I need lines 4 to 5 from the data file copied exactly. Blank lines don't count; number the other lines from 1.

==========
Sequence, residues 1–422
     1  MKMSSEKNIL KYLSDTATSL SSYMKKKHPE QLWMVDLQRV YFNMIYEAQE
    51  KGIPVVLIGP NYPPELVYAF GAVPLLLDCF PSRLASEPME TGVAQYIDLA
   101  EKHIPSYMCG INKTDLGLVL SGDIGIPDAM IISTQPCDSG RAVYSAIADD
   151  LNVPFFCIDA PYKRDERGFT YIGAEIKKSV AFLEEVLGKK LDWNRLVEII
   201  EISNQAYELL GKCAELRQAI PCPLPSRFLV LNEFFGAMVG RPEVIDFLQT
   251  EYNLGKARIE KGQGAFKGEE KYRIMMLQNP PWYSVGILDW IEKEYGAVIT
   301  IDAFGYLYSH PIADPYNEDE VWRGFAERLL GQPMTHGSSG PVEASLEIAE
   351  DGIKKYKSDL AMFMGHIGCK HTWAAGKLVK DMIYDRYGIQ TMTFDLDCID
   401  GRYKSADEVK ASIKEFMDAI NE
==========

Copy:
   101  EKHIPSYMCG INKTDLGLVL SGDIGIPDAM IISTQPCDSG RAVYSAIADD
   151  LNVPFFCIDA PYKRDERGFT YIGAEIKKSV AFLEEVLGKK LDWNRLVEII